How to Predict Whether a Startup Will Succeed or Fail: Testing the “Disruptive Innovation” Model
Thomas Thurston is a startup predictor. Tell him about your company, and he’ll tell you whether it will survive or fail.
No, he’s not an investor, or a psychic. By day, Thurston is a mild-mannered researcher and consultant whose training is in law and business. He’s the founder of Portland, OR-based Growth Science International, a research firm that works with entrepreneurs, investors, and corporations on their business strategy. By night, though, he’s testing every possible angle of a theory that could change the way a lot of people think about startup strategy.
Here’s the upshot of Thurston’s recent research, and why it’s important. Pretty much every startup you’ll ever meet will say it is better than its competitors. However you want to measure it—speed, technology, revenue model, whatever—a young company will say it outperforms others in its class. What’s more, it’s smaller and nimbler than the big companies, so it will be able to innovate faster and stay ahead of the curve.
Just one problem: That’s exactly why it will fail.
What a startup should do instead—to give itself the best chance of surviving—is enter the market at the low end of performance, Thurston says. That is, offer a product that’s not necessarily as good as its competitors, but is cheaper and more accessible. “Lower cost, lower performance, and gets better over time,” is how Thurston puts it.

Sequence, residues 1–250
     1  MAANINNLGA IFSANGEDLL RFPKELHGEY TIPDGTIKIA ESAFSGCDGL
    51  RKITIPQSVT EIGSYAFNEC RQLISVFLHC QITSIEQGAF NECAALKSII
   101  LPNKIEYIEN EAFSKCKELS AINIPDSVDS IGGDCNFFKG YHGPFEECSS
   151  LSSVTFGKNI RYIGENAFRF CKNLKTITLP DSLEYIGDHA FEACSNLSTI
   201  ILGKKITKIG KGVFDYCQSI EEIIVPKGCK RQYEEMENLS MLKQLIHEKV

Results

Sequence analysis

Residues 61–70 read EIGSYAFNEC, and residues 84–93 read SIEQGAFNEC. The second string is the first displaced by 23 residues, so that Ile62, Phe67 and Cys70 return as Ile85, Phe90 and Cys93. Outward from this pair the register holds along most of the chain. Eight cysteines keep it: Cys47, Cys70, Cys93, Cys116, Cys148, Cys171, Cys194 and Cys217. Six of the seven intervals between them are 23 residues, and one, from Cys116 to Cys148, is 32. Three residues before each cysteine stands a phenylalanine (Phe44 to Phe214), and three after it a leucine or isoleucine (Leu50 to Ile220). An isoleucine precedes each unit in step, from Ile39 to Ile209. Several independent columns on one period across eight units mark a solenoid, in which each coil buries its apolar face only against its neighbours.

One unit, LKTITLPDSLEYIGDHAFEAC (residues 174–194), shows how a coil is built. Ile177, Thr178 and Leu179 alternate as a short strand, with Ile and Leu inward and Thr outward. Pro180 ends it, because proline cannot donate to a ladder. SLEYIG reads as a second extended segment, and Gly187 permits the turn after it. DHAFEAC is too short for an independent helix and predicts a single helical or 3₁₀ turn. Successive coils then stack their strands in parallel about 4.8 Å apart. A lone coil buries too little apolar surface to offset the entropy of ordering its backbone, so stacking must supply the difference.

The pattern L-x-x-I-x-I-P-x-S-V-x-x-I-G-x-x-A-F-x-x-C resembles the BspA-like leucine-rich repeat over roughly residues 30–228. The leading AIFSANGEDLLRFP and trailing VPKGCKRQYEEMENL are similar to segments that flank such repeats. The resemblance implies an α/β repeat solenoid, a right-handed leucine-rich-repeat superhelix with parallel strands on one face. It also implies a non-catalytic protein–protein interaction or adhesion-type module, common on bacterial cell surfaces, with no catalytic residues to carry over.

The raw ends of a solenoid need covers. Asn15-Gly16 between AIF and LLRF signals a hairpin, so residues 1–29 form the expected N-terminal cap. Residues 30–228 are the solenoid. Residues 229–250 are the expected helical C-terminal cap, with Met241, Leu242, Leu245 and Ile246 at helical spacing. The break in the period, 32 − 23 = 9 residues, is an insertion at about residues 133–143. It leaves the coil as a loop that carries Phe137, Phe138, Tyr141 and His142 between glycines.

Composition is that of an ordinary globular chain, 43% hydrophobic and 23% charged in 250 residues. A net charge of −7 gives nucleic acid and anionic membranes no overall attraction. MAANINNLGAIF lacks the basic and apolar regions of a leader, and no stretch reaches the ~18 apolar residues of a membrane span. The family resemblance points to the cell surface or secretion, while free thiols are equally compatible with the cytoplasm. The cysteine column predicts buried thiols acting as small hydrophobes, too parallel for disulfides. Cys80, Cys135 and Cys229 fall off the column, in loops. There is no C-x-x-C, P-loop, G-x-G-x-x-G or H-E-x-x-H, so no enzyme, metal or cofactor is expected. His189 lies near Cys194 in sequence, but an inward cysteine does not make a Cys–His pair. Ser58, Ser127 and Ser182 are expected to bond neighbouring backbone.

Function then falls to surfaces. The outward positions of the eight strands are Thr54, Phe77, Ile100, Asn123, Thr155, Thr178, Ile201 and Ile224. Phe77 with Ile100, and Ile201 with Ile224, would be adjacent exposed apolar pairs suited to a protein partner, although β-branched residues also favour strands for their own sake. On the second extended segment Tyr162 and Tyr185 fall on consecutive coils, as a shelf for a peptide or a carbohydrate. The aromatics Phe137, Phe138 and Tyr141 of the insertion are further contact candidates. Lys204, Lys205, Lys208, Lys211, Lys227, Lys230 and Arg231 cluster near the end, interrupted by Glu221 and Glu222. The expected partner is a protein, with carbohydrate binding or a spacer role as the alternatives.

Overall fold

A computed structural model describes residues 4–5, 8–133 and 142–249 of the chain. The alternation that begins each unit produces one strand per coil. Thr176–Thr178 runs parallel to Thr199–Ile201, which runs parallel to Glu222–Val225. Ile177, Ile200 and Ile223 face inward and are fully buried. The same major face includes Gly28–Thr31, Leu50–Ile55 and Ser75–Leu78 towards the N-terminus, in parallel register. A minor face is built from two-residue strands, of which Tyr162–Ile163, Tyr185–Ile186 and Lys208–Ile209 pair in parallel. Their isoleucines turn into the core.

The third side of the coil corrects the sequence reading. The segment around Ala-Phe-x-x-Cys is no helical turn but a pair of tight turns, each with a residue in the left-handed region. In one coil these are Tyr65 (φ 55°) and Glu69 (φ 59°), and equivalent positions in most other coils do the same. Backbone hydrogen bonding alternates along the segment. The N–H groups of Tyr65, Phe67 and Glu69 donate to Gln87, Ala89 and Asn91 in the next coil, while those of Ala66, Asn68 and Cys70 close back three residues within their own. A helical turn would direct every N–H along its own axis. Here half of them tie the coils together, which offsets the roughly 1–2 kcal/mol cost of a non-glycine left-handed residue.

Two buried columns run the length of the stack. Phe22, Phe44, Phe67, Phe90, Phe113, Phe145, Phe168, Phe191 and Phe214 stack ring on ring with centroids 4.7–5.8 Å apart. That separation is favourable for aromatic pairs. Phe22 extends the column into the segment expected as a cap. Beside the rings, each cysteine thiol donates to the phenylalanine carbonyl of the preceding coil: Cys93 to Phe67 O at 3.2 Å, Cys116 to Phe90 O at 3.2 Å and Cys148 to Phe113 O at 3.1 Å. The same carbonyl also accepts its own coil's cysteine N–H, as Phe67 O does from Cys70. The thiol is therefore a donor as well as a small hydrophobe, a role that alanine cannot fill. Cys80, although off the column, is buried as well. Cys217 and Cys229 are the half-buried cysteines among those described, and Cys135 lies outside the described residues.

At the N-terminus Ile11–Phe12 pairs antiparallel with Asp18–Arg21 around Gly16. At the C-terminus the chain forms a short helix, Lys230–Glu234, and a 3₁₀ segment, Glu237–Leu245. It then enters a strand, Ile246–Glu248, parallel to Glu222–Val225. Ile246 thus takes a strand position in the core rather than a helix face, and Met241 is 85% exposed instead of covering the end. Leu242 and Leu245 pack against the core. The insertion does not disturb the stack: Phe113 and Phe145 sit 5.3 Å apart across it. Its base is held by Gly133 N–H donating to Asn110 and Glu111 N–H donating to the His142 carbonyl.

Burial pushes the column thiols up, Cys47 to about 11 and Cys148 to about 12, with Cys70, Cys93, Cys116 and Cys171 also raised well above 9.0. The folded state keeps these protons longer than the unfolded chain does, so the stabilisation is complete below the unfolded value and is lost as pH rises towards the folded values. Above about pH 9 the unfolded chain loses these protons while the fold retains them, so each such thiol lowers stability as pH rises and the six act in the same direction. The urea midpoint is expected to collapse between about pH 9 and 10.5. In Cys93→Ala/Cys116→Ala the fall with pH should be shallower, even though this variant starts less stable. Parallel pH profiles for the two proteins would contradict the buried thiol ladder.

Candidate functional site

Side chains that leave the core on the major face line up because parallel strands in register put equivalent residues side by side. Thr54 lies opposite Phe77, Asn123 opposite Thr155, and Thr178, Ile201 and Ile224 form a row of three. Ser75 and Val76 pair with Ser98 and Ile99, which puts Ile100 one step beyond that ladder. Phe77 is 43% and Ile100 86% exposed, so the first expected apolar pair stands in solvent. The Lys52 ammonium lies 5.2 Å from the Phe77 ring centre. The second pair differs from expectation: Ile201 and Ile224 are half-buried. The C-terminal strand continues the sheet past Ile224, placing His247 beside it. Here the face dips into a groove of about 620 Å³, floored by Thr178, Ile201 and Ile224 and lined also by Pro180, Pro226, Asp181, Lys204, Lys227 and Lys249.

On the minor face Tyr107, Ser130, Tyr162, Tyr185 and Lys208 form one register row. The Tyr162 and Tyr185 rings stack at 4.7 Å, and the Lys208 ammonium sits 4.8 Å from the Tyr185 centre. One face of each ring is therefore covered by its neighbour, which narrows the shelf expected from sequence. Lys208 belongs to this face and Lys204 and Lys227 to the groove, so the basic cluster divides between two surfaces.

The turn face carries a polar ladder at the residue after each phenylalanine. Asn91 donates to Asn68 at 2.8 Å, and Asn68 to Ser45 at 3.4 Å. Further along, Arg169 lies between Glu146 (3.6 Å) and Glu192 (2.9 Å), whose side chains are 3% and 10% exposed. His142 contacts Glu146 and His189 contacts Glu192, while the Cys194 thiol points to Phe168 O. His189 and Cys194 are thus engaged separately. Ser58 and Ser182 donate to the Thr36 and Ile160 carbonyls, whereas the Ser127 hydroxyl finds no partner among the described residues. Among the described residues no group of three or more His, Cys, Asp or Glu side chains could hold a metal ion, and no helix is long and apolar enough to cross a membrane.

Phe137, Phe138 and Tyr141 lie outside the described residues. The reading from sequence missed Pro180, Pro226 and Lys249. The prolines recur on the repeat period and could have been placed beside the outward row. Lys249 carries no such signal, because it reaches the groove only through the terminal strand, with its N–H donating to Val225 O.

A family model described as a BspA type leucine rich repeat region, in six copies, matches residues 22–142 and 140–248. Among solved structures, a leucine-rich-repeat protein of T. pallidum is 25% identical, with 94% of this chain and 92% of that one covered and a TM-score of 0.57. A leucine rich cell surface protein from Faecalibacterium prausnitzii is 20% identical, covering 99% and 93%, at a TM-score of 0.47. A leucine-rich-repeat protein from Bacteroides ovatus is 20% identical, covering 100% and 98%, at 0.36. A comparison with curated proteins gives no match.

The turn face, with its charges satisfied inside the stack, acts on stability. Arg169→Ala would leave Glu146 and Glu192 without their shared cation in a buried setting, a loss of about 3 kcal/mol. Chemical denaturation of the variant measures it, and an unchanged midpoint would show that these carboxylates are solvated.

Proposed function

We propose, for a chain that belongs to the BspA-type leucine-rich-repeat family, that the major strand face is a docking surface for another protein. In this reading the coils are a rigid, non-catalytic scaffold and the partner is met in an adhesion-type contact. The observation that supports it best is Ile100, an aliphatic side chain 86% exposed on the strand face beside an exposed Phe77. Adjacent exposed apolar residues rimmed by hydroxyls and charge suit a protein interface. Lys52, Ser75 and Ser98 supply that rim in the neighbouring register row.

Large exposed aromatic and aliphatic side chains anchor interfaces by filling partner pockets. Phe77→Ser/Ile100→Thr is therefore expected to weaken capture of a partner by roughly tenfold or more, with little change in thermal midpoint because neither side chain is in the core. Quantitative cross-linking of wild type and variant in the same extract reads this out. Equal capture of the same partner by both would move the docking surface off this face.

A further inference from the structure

If this sounds familiar, you’ve probably read Clayton Christensen’s books on business innovation. Christensen, a Harvard Business School professor, is the author of The Innovator’s Dilemma, The Innovator’s Prescription, and Disrupting Class, and he is coming to Seattle on May 17 to give the keynote at the Technology Alliance’s annual State of Technology Luncheon. The connection to Thurston is that he and Christensen have collaborated on testing predictions about startups and other companies.
In 2005, Thurston was working at Intel Capital when he got interested in whether a mathematical model could predict startup success or failure better than chance. He plowed through obscure academic papers and popular books, tried different things, and settled on building a sophisticated model based on Christensen’s principles of “disruptive innovation” (more on this definition shortly). Thurston got a hold of 48 business plans from within Intel—new businesses that had corporate funding—and checked how they did (survive or fail) against what Christensen’s model would predict. To his surprise, the model made accurate predictions more than 85 percent of the time, and the results were highly statistically significant.
Thurston decided to take a year off from his job in 2007 to continue the research with Christensen in Boston, co-sponsored by Intel and Harvard. They expanded their analysis to include all new businesses Intel has supported (roughly 100), as well as hundreds of outside companies across different industries and geographies. The result was the same: 85 percent accuracy.
Skeptics would say the model was tested by its own proponents, so it’s not surprising they would find it accurate. But Thurston maintains he is an independent researcher; he would happily switch to another model if it worked better, he says. He has since returned to Portland and continued the work at Growth Science, where doing the modeling is part of his consulting gig. He says he’s been getting lots of interest from companies and venture capitalists seeking advice.
So here’s how the predictions work, in a nutshell. First, a company is classified according to whether its market strategy is “sustaining” or “disruptive.” Sustaining means it is positioned as … Next Page »
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